Townsend presented council members with figures for remodeling existing buildings and adding a modular building, both were well within the city’s budget of $375,000 for capital improvements.
“Do we want the rest of the town to move up around us, or do we want to lead the way?” Eaton asked, urging action.
Boren suggested postponing any decisions until after the upcoming Texas Municipal League conference in San Antonio on Oct. 28.
“There will be architects, builders and every other type of advisor to give you options, there,” he said. Hogan said he would not be able to attend.
In a related move, the council decided to cancel its Oct. 28 meeting and resume city business Tuesday, Nov. 11.
In other business, the council members:
• agreed to rent one of the city’s voting machines to Athens ISD during early voting period of five days for $100 per day, netting the city $500.
• approved an updated version of the city’s flag. Patsy Black, along with committee members Carol Yarboro, Loretta Taylor and Tia Huber, presented a very similar design of a Winchester overlaid on a bird’s eye view of Cedar Creek Lake. The differences were a trigger mechanism was added for authenticity and the date of incorporation engraved on the stock. The city manager will take the design for pricing.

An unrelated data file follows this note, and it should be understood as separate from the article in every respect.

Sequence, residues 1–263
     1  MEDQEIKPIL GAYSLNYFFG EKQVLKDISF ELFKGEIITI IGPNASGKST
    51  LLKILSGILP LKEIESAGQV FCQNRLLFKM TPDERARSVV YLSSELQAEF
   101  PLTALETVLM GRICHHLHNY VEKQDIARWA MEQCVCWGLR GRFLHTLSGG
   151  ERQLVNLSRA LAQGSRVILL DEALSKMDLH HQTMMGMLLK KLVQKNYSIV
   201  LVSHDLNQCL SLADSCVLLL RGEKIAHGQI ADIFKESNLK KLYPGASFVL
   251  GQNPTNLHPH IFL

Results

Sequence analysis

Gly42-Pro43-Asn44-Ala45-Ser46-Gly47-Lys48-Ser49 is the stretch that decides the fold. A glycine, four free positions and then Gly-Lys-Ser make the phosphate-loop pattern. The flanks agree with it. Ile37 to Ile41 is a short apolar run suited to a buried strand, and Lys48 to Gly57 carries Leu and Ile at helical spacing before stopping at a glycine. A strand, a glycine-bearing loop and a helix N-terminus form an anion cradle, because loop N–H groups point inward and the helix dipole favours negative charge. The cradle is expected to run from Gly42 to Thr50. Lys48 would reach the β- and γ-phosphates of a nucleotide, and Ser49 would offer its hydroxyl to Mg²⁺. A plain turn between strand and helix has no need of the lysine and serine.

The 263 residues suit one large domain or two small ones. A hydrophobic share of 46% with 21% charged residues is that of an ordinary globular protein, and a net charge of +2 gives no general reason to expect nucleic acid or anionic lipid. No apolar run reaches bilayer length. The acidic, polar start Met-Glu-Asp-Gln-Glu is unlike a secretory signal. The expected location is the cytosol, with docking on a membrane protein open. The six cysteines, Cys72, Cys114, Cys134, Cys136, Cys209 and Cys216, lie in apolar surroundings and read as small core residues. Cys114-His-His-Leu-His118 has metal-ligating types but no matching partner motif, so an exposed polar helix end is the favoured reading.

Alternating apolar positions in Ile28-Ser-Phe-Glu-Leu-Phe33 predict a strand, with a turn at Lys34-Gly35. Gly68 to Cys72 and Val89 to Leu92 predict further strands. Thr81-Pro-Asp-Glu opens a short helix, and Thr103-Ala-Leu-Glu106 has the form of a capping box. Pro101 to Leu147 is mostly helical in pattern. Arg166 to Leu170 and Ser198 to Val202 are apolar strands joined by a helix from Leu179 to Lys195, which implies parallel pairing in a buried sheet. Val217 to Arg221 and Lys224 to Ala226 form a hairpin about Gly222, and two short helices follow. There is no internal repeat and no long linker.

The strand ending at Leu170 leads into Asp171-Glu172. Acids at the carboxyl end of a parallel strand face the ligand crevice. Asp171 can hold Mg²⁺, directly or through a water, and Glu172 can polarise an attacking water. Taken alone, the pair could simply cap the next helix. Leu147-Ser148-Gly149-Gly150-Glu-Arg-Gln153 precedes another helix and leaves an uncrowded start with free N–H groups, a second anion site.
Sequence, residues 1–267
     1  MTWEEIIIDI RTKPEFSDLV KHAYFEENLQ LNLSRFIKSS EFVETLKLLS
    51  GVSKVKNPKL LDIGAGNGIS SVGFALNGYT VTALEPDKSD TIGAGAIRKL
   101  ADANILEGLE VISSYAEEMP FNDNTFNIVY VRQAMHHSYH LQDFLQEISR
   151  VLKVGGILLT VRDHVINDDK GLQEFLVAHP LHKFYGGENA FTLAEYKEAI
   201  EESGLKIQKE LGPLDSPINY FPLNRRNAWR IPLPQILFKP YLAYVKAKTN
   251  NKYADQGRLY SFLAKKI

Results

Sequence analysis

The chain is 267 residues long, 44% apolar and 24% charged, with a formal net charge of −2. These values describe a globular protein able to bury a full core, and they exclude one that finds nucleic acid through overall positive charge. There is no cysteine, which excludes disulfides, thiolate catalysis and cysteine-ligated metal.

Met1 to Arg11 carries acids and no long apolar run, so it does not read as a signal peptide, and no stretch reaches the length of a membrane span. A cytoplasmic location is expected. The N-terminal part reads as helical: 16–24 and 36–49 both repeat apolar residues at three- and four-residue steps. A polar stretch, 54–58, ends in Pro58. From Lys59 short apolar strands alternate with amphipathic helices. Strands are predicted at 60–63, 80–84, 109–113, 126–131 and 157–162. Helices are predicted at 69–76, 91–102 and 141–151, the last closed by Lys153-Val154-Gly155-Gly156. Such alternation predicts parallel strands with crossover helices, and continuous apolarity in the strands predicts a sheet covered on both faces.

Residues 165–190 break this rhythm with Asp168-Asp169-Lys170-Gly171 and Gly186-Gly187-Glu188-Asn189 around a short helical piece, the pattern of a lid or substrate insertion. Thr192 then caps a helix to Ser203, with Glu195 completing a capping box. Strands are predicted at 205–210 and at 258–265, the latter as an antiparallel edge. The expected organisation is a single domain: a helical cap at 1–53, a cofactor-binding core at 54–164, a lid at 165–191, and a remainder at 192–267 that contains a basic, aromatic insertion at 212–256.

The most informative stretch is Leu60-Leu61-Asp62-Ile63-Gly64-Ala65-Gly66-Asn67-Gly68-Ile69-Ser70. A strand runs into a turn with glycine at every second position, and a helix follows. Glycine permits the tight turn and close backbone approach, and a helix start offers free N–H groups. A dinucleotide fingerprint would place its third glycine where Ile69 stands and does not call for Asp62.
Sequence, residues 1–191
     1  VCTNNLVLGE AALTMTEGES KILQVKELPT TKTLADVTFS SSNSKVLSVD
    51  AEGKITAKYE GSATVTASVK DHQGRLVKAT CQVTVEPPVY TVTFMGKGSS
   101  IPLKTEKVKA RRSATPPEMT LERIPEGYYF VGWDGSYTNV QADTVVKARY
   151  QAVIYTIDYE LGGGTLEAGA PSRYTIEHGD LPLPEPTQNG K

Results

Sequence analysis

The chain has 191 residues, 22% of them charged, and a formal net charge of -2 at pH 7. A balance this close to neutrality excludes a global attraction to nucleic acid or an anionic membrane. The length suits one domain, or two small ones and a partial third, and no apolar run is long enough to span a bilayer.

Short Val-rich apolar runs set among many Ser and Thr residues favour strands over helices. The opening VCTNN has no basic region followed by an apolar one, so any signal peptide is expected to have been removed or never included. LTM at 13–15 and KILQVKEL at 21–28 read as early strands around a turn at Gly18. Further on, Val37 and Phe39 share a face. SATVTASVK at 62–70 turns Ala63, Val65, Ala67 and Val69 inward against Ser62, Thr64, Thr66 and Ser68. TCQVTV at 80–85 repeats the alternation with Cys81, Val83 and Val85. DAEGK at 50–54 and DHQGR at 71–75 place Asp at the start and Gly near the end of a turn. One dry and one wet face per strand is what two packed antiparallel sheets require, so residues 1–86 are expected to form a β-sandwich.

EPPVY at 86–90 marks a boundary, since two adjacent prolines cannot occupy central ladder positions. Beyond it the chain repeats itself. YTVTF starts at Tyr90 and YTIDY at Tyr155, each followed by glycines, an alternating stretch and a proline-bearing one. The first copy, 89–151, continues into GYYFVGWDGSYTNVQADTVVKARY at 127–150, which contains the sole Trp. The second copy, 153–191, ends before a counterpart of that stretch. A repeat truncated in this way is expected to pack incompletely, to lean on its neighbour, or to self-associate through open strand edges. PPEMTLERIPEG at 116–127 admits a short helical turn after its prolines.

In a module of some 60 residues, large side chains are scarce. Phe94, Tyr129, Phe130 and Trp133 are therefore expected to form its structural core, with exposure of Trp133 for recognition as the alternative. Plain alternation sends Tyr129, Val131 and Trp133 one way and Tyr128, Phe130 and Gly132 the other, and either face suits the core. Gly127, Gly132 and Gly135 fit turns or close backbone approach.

Possible venues were also discussed, including city hall, and the north and south city limits signs.
A proper resolution is to be drawn up that will formalize the flag’s history.
• reappointed Joey Lindaman as the city’s fire chief in a brief ceremony Tuesday.
Lindaman returned after just four months of military service and was able to take up his post again as head of the city’s volunteer fire department.
• appointed several others to serve on various boards.
Joe Rankin and John Delay were reappointed to the city’s Planning and Zoning Commission with terms to expire October, 2010.
• tabled action to appoint Kevin Roberts to the Park and Recreation Board. His name was turned over to the board for recommendation. Roberts was working out his voter registration status at the time.
• named The Monitor, its official newspaper for fiscal year 2009.
• accepted Joe Agnes’ resignation from the Park Board.
• referred a request from the Tri-County Soccer Association for the creation of practice fields to the Park Board.
• heard a brief on the Attorney General’s opinion regarding the posting of agenda items in keeping with the Open Meetings Act. The city will be posting more detailed and specific agendas for public viewing.